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Very Important Message for the Editorial Board

Dear Members of the CVE Editorial Board,


CVE has come under significant pressure to expand its reach well beyond the current list of products and services; at the same time, the demand for CVE IDs has risen dramatically. As a result, other initiatives and especially our communications with the Editorial Board and with the community took a back seat, which is counterproductive. For that, we offer our apologies. 


The world has changed significantly since CVE was released in 1999, and we are moving out rapidly to satisfy the needs of security researchers who need ready access to vulnerability IDs. To that end, MITRE will begin a pilot program to address rapid-response CVE-IDs on Monday, 21 March 2016. We wish to underscore that this is in no way an attempt to circumvent the Editorial Board but is rather an experimental step toward the federated vulnerability ID methodology that the community has been discussing over the past several years. We will work closely with the Board to evaluate the results of the pilot and to work together to develop a long-term solution that continues to expand coverage moving forward.


Details of the pilot program are provided in the Press Release below, which will be published to the CVE-ANNOUNCE email list and to the CVE web site later today. It is important to note that this approach was chosen to avoid any conflict with the existing CVE process as it is currently operating, and that the IDs issued under the federated scheme during the pilot will not be analyzed and incorporated into the CVE list or feeds. There will be no effect on external operations; all in-scope vulnerabilities will be handled as they are now.


We are also planning to continue the discussion with the Board regarding the scope, sources, and products that CVE currently covers and that the Board feels that CVE should cover in the future. We look forward to discussing these issues with you over the coming week, and formulating solutions so that we can take immediate action.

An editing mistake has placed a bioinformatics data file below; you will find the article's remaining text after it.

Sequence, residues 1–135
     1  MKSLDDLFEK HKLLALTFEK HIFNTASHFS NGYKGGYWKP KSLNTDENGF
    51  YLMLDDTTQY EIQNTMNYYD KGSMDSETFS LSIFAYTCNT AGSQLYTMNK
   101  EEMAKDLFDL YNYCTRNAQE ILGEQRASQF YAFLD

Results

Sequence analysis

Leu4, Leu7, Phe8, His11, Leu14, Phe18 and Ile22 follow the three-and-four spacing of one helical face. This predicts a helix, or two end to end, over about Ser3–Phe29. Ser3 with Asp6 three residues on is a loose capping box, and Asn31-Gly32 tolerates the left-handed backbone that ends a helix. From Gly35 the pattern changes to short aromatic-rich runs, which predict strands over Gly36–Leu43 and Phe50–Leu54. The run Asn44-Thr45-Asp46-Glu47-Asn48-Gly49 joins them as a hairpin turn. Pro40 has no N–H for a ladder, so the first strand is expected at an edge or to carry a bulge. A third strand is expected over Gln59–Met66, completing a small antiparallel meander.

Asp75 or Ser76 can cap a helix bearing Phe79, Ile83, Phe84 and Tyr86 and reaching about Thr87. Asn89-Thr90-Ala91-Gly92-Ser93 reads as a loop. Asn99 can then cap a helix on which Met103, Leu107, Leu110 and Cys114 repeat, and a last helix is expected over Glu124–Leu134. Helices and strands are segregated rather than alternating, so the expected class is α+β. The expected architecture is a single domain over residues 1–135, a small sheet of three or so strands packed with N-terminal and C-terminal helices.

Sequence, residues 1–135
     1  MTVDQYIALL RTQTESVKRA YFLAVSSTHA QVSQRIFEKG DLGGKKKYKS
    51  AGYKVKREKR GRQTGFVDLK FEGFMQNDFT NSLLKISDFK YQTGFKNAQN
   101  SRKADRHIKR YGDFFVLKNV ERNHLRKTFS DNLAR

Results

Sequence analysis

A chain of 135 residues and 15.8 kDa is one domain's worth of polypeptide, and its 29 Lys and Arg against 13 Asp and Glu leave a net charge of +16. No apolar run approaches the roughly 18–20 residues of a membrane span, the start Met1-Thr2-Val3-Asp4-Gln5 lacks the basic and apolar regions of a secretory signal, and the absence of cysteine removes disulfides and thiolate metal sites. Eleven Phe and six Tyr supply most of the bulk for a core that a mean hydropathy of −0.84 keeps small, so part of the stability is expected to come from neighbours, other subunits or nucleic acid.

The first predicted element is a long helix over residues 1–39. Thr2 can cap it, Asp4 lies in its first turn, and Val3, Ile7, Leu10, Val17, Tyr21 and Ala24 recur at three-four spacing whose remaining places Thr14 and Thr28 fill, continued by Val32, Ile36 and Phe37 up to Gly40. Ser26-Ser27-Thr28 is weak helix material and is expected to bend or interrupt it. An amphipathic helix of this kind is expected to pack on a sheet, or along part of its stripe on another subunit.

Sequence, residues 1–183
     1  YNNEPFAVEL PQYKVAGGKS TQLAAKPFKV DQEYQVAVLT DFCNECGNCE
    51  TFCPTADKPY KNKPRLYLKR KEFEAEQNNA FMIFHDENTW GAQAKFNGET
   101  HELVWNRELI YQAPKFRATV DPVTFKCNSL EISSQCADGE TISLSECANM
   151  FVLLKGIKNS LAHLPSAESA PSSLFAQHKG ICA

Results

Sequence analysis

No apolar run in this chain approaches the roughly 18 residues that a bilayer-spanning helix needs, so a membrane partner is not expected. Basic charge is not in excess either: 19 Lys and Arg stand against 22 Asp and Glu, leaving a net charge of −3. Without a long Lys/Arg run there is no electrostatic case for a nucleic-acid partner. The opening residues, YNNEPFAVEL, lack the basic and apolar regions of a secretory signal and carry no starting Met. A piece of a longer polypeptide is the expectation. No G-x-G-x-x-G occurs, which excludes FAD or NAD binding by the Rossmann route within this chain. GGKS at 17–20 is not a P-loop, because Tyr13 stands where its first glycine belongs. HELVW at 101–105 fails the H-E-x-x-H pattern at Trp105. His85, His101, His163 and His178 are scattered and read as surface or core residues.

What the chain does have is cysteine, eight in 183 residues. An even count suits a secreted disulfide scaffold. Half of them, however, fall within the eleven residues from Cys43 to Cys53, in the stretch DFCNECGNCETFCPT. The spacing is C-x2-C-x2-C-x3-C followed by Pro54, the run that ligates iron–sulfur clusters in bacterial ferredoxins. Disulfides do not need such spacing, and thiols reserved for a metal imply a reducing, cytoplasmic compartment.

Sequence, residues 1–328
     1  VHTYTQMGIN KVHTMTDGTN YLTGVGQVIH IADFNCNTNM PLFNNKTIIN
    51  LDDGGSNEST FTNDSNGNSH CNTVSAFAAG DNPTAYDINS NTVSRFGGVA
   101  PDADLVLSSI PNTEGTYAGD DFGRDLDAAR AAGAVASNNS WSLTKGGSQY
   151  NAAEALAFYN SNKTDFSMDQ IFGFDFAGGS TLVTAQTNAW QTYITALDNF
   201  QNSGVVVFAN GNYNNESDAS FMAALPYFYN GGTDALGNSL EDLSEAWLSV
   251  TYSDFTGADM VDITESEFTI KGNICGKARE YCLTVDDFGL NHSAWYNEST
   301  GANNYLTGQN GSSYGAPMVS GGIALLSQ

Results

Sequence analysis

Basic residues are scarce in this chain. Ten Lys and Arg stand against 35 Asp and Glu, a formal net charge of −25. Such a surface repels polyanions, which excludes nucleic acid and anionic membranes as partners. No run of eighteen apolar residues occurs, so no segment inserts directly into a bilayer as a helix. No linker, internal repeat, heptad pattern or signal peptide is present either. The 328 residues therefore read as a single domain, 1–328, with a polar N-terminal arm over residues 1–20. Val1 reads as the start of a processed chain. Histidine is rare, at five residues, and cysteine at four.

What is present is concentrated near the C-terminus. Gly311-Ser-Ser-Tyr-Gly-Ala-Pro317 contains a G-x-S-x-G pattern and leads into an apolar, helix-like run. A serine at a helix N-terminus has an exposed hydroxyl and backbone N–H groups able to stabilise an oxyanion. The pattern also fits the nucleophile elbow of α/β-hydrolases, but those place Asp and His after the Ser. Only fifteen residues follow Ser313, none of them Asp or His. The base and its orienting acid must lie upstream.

Thank you for your continued support.


Joe Sain

CVE Communications and Adoption Lead

The MITRE Corporation



MITRE Announces the Launch of a Federated-Style CVE ID Pilot Effective Monday, March 21, 2016


CVEs are valuable to cybersecurity risk management because they underpin the vulnerability management infrastructure and contain (1) a unique identifier, (2) a description, and (3) associated references. CVEs have historically been published with all three fields fully populated in order to effectively serve multiple CVE’s use cases.  

As the number of vulnerabilities and associated requests continue to increase, the traditional operating model for the CVE Program has not been able to keep pace with the growing demands of the vulnerability management community; a different scale is required. In addition, the researcher and discloser communities have identified a need for rapid, early assignments of CVE IDs to enable early-stage vulnerability coordination and mitigation.  The immediacy of this use case means that the requirement for traditional references and descriptions is, at times, less important than the rapid issuance of unique identifiers.

To address this need, MITRE will begin assigning federated CVE IDs using a new format as of Monday, 21 March 2016. The new format will not have any impact on either direct or downstream uses of the current-format CVEs. MITRE also recognizes that it is critical for the community and stakeholders to be able to easily differentiate between traditional CVE entries and those IDs that have been assigned for the rapid-response use case.

MITRE has been participating as a member of the vulnerability management community on the concept for a federated vulnerability identifier scheme to enable cooperating vulnerability ID assignments. As such, MITRE is taking this opportunity to experiment with and pilot a federated CVE identifier syntax to provide a clear indicator that rapid-assignment IDs are different from traditional CVEs.

The new, rapid-response federated ID scheme has been carefully designed so that it does not disrupt existing processes and their attendant use cases, and allows for future compatibility with existing CVE identifiers. Federated CVE Identifiers will allow for rapid experimentation with new types of assignments and use cases so that CVE, the CVE Editorial Board, and the community can work together to determine what best serves the needs of the community.

The federated ID syntax will be CVE-CCCIII-YYYY-NNNN…N, where “CCC” encodes the issuing authority’s country and “III” encodes the issuing authority. At its launch, MITRE will be the only issuing authority, but we expect to quickly add others to address the needs of the research and discloser communities, as well as the cybersecurity community as a whole. This new federated ID system will significantly enhance the early stage vulnerability mitigation coordination, and reduce the time lapse between request and issuance.

MITRE is continuing to refine CVE operational capabilities so that automated vulnerability identification, description, and processing are incorporated over time. As both the Federated Pilot and the next phase of CVE operational capabilities are scaled and automated, traditional CVEs can be merged with federated CVEs.

The CVE Team looks forward to working with members of the CVE Editorial Board and the broader community to rapidly expand CVE coverage and implement the federated CVE identification scheme, so that the CVE capability keeps pace with the increasing demand for well-recognized vulnerability identifiers.

Page Last Updated or Reviewed: March 17, 2016